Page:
This Was a Big Day for Reforming Cops
2 Reasons Why This Was a Big Day for Reforming Cops and Courts
Both say they want "common-sense" solutions.
—By AJ Vicens
The national push to reform the criminal justice system saw two significant moves Wednesday, one from the law enforcement community and another from the activists who helped launch the conversation in Ferguson, Missouri, when Michael Brown was gunned down in August 2014.
On Wednesday, an organization known as Law Enforcement Leaders to Reduce Crime & Incarceration—which includes more than 160 police chiefs, sheriffs, district attorneys, federal prosecutors and attorneys general—sent a letter signed by more than 70 of its members to House and Senate leadership in support of legislation that would address sentencing guidelines. The Sentencing Reform and Corrections Act of 2015, sponsored in the Senate by Sen. Chuck Grassley (R-Iowa), would reduce federal mandatory minimum sentences for some gun and drug crimes, and would make it possible for federal prisoners to earn credits for completing rehabilitative programs while incarcerated and reduce their time behind bars. A similar measuresponsored in the House by Rep. Bob Goodlatte (R-Va.) also addresses some of these problems.
"Common sense might suggest that more punishment keeps down crime," the group wrote. "But research has shown that arbitrarily increasing time served in prison does not necessarily translate into increased public safety gains…In fact, excessive incarceration can actually increase crime in some cases."
The group noted that half of all federal prisoners are drug offenders (compared with just 7 percent who are convicted of violent crimes), so current sentencing approaches and prosecution efforts waste money and resources. The federal inmate population has grown more than 400 percent over the past 30 years, they wrote, and the Federal Bureau of Prisons is 39 percent over capacity and consumes a quarter of the Justice Department's budget, in part because of tough-on-crime, mandatory minimum sentencing programs.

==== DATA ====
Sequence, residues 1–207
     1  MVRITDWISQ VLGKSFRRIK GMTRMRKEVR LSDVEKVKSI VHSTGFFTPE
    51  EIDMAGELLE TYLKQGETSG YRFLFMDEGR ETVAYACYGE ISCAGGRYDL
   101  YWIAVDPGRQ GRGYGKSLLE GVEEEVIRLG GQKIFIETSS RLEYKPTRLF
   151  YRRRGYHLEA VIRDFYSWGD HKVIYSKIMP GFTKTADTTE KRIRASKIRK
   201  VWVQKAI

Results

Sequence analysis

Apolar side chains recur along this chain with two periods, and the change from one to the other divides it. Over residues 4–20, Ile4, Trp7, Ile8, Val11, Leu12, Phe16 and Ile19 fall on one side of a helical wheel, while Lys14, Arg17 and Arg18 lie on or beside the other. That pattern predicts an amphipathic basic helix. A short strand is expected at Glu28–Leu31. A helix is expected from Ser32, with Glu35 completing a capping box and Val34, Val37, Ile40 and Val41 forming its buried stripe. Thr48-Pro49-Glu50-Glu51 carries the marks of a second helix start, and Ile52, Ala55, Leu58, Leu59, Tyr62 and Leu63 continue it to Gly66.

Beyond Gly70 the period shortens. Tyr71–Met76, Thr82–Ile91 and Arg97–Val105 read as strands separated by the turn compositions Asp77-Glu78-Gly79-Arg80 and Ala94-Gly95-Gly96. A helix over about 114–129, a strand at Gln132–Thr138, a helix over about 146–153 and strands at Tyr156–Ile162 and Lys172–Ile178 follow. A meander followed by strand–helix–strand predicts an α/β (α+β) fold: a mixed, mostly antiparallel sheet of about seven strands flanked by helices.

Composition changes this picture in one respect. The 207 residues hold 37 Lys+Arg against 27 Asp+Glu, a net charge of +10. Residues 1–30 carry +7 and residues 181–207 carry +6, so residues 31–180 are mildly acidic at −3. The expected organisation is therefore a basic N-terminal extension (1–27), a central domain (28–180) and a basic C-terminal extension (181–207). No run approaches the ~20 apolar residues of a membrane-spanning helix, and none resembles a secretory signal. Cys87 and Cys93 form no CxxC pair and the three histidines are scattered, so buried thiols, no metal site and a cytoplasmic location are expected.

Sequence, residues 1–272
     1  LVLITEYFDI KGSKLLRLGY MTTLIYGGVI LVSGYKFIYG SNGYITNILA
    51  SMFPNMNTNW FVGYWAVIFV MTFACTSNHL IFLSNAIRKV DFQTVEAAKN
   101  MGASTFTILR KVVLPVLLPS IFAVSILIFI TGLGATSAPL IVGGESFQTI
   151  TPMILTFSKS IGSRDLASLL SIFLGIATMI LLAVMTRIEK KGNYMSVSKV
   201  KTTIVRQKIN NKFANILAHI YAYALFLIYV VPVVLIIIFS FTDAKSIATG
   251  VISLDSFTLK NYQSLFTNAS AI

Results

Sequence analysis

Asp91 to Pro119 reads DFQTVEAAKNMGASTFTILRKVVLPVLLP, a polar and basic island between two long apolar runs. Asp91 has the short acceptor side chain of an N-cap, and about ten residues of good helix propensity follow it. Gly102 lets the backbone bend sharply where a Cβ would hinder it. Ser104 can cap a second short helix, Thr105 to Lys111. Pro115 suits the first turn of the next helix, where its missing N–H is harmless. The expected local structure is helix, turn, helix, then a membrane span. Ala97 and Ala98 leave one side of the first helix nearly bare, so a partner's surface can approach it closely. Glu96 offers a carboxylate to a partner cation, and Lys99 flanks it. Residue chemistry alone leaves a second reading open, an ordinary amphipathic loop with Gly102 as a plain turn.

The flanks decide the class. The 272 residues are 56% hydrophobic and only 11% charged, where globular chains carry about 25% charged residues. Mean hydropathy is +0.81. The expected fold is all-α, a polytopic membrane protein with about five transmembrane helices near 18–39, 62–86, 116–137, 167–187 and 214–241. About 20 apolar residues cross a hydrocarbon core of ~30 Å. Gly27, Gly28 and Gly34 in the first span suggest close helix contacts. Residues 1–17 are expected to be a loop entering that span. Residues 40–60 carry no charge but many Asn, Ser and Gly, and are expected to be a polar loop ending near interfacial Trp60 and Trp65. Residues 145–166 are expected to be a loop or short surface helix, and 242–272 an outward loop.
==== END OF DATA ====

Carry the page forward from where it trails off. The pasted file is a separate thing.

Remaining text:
"These taxpayer dollars should instead target the country's most dangerous and serious offenders, those who pose the most risk to public safety," they wrote. (See the full letter below.)
While that effort focused on law enforcement reforms at the federal level, DeRay McKesson, Johnetta Elzie, Brittany Packnett, and Sam Sinyangwe—a group of activists who have been among the most prominent voices in calling for police reform in America—launched the Police Use of Force Project. This project ofCampaign Zero, an effort to end police violence in America, published data outlining how policies governing police use of force often lead to police violence.
The data reveals use of force policies in several key areas for 17 major cities. (The data is downloadable, as well.)
Policies "often fail to include common-sense limits on police use of force," the group noted. For example, in many police departments, life preservation is not the primary objective, and many do not require officers to deescalate situations where possible. Policies often permit officers to "choke or strangle civilians," and many do not require officers to intervene and stop the use of excessive force. Many of the police departments reviewed by the group lacked transparency in their use of force policies, did not provide public data on police shootings, did not keep tabs on incidents where force was used, and, in some cases, provided access to the names of those shot by the police.
In the statement announcing the use-of-force project, the group said police policies often don't match their publicly stated values.
"Our analysis…shows that while many police departments have adopted value statements claiming to prioritize the preservation of life, their actual use of force policies do not reflect this commitment," the group wrote.
The survey is an ongoing process, and Campaign Zero asked community members to get to know police policies in order to become more engaged in police reform efforts.
"In the coming weeks, we will be forming a collective of legal scholars, academics, and activists to continue analyzing police use of force policies in the nation's largest 100 cities, as we work to develop a model use of force policy that is fair and in the interest of the public good," it wrote.